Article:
P(6) The flexural strength of the slab shall also be checked independently in accordance with 4.3.1.
P(7) If the thickness of a slab or foundation is not sufficient to ensure adequate punching shear resistance, shear reinforcement, column heads or other types of shear connector shall be provided.
(8) The rules in this section also apply to waffle slabs with a solid section around the loaded area provided that the solid area extends at least 1.5d beyond the critical perimeter.
(9) The amount of longitudinal tensile reinforcement in two perpendicular directions, x and y should be greater than 0.5 %, calculated allowing for any differences in effective depth in the two directions.
(10) The force component parallel to Vsd due to inclined prestressed tendons placed inside the critical area may be taken into account according to 4.3.2.4.6.
(1) The provisions of this section are applicable to the following types of loaded area: a) Shape (d denotes the average effective depth of the slab):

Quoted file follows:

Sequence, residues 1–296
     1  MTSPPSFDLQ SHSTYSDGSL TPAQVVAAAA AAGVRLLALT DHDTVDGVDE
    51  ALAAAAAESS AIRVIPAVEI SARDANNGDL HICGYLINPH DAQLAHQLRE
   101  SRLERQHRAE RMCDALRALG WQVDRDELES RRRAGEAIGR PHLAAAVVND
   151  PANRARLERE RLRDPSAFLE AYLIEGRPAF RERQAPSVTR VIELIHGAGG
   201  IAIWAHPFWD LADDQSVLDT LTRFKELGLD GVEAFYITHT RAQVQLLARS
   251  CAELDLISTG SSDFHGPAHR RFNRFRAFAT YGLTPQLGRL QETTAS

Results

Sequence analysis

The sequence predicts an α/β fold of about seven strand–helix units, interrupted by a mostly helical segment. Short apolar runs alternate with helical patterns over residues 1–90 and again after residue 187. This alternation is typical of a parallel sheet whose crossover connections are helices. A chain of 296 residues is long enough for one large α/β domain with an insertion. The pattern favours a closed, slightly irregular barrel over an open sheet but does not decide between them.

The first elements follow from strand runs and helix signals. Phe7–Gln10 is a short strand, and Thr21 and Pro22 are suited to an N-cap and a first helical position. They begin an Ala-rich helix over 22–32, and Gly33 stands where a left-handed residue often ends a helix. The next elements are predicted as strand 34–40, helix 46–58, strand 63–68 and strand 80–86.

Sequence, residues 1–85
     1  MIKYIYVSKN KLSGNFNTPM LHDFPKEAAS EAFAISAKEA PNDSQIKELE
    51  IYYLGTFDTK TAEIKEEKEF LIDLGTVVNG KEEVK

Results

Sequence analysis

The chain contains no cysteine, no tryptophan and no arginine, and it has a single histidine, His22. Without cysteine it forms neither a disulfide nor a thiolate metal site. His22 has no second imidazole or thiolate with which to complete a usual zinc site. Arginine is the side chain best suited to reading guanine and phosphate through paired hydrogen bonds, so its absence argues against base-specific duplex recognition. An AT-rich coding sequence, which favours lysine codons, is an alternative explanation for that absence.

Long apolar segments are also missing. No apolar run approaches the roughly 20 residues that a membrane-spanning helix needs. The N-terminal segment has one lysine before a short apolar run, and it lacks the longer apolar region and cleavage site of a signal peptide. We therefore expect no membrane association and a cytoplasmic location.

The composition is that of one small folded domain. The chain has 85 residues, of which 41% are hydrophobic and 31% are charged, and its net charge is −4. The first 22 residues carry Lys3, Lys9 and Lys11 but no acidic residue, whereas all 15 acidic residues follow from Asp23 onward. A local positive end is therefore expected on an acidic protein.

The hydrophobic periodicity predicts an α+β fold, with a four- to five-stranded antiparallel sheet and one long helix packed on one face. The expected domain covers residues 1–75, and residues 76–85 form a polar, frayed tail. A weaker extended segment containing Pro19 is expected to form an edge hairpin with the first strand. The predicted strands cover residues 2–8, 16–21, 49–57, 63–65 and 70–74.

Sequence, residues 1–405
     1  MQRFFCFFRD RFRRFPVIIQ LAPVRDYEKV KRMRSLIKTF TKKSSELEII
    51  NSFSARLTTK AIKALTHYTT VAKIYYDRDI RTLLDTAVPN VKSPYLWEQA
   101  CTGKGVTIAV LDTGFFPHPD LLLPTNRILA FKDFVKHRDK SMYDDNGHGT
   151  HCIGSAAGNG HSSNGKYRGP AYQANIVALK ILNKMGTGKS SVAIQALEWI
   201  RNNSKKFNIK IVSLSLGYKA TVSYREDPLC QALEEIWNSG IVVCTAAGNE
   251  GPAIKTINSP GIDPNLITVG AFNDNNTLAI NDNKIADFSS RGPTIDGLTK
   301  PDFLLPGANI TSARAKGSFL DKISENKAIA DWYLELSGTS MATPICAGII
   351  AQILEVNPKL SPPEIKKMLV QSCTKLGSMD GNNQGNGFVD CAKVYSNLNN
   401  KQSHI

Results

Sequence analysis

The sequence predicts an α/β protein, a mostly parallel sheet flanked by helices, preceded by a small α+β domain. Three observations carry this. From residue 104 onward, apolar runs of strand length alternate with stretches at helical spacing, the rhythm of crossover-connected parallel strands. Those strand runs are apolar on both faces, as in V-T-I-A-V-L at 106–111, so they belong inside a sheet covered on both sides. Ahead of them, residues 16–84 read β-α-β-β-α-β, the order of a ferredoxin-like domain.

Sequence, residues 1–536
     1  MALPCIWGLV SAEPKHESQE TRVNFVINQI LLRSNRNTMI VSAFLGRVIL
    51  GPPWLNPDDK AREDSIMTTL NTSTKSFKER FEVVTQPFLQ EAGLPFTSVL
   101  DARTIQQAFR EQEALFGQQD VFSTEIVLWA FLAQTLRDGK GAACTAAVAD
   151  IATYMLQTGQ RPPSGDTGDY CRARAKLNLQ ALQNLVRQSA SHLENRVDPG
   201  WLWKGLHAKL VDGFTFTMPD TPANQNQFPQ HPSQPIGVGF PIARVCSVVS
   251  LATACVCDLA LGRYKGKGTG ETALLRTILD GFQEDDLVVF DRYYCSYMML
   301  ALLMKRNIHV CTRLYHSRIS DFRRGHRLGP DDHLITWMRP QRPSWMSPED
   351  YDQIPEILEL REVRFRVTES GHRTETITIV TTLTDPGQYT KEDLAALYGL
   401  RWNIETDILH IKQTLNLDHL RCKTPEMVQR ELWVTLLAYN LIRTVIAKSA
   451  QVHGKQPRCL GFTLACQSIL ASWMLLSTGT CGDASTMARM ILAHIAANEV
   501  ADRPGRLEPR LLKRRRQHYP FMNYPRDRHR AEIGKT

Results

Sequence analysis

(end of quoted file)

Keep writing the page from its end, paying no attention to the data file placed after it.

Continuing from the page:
— circular, with diameter not exceeding | 3.5 d |
— rectangular, with perimeter not exceeding | 11 d | and the ratio of length to breadth not exceeding |2|
— any shape, the limiting dimensions being fixed by analogy with the shapes mentioned above;
d) The loaded area is not so close to other concentrated forces that their critical perimeters intersect — nor in a zone subjected to significant shear forces of a different origin.
(2) If the conditions in 1) a) above are not satisfied for wall or rectangular column supports, since the shear force in wall-shaped supports are concentrated in the corners, the critical perimeters according to Figure 4.17 only should be taken into account, in the absence of a more detailed analysis